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Peanut Allergy Could be Tamed with Early Treatment in Small Kids

According to a study published Thursday, young children with Peanut Allergy may be able to overcome their sensitivities if they are treated early enough. To increase a group of toddlers’ tolerance for peanuts, the researchers fed them increasing amounts of peanut protein powder. After two and a half years, nearly three-quarters of the participants could endure the equivalent of 16 peanuts without experiencing an allergic reaction.

One-fifth of the patients had the same tolerance six months after therapy ended. The technique appeared to work best in young children and those with milder allergies, according to the researchers, who published their findings in the journal Lancet on Thursday. According to Dr. Stacie Jones, a study co-author from the University of Michigan, the findings show that there is a “window of opportunity” early in life when treatment could have a long-term influence.

There is already a therapy for Peanut Allergy, but it is only licenced for children aged 4 and up, and it only protects against accidental exposure to small amounts of peanuts. Children should still avoid eating the nuts and carry an EpiPen or other allergy treatment with them. It similarly employs peanut powder, but the protection is lost if the children quit taking the therapy.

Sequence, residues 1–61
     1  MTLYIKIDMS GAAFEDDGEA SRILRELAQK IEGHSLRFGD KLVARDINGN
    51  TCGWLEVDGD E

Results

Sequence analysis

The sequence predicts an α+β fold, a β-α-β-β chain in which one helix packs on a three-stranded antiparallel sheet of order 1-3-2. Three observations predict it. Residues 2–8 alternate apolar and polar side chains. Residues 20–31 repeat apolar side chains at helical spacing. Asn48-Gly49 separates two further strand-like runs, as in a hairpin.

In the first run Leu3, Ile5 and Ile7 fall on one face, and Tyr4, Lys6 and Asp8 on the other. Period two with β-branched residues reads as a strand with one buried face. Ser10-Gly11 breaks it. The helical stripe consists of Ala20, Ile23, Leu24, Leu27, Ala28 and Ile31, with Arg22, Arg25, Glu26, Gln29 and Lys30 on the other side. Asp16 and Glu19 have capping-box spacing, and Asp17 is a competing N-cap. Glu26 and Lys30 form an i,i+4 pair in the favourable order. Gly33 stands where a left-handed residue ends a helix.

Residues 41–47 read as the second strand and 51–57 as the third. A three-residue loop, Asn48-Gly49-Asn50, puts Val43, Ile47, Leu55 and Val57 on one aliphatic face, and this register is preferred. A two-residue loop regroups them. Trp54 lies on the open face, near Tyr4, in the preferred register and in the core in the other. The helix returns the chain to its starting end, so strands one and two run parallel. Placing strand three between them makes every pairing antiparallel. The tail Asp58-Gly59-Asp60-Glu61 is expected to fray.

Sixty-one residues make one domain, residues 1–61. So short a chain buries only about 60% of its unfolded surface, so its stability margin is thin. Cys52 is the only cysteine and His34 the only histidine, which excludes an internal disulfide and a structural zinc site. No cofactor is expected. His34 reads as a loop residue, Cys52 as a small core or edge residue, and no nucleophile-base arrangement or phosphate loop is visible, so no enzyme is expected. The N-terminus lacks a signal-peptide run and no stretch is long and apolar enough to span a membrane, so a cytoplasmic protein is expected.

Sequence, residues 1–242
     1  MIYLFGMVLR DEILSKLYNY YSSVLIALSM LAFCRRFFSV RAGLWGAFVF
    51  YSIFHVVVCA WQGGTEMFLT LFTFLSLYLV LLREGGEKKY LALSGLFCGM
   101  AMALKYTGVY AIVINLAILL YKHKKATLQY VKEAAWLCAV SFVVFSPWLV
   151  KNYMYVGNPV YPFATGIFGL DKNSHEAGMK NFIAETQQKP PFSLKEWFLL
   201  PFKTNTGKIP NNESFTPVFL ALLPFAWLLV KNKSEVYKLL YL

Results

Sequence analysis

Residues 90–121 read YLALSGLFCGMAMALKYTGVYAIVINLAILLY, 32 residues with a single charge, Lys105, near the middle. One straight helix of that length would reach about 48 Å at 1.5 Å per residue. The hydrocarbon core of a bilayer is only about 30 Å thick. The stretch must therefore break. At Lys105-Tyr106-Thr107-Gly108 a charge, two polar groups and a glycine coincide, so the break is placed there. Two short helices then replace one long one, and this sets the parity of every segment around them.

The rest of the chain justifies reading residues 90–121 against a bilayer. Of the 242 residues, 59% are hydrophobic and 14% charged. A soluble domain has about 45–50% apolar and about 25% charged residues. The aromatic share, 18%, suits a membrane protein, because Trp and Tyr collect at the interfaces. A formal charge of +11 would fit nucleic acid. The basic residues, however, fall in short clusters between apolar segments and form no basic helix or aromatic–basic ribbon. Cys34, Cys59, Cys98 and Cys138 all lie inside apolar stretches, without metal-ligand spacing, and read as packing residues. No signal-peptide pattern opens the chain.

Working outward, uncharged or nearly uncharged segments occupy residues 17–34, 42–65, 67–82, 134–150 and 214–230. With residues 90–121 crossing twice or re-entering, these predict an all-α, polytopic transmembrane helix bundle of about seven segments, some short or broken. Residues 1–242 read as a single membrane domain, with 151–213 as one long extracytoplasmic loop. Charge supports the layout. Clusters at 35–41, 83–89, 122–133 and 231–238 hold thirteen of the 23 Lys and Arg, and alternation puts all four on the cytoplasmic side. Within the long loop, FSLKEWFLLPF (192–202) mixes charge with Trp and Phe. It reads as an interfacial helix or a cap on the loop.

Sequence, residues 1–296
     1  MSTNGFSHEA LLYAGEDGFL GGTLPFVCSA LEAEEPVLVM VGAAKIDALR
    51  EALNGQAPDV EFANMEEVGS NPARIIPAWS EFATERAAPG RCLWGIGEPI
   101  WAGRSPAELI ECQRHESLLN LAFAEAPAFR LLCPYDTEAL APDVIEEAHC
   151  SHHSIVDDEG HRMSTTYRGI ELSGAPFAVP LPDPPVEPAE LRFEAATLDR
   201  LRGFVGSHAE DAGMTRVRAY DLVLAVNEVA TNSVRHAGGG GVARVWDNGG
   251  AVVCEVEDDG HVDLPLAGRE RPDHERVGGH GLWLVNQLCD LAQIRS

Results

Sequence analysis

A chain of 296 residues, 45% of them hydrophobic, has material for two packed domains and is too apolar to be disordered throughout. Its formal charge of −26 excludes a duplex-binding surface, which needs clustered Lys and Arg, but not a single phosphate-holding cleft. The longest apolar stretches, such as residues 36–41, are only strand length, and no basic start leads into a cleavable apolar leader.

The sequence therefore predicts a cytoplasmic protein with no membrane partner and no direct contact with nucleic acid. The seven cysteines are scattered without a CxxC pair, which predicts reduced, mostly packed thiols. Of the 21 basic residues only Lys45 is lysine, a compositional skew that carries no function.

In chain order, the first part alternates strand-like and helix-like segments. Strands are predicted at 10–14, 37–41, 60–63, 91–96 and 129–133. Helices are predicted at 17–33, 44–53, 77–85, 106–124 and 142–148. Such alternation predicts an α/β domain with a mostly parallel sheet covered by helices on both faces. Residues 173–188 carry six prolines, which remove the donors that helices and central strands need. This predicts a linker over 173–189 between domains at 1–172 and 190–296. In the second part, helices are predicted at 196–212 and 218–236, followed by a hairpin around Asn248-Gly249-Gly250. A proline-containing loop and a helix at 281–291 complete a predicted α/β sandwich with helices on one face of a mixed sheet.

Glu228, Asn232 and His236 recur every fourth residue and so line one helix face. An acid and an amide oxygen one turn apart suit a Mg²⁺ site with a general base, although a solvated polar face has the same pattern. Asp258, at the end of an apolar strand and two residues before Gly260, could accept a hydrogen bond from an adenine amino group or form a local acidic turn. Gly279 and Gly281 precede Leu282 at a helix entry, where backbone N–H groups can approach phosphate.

Jones and her colleagues used a similar strategy on younger children to determine if their immune systems could be influenced if they were treated sooner. She has consulted with Aimmune Therapeutics and helped conduct a trial for the current therapy, Palforzia. Peanut Allergy affect about 2% of children in the United States, causing severe responses and causing parents ongoing worry. Some youngsters outgrow their allergies, but the majority must avoid peanuts for the rest of their lives.

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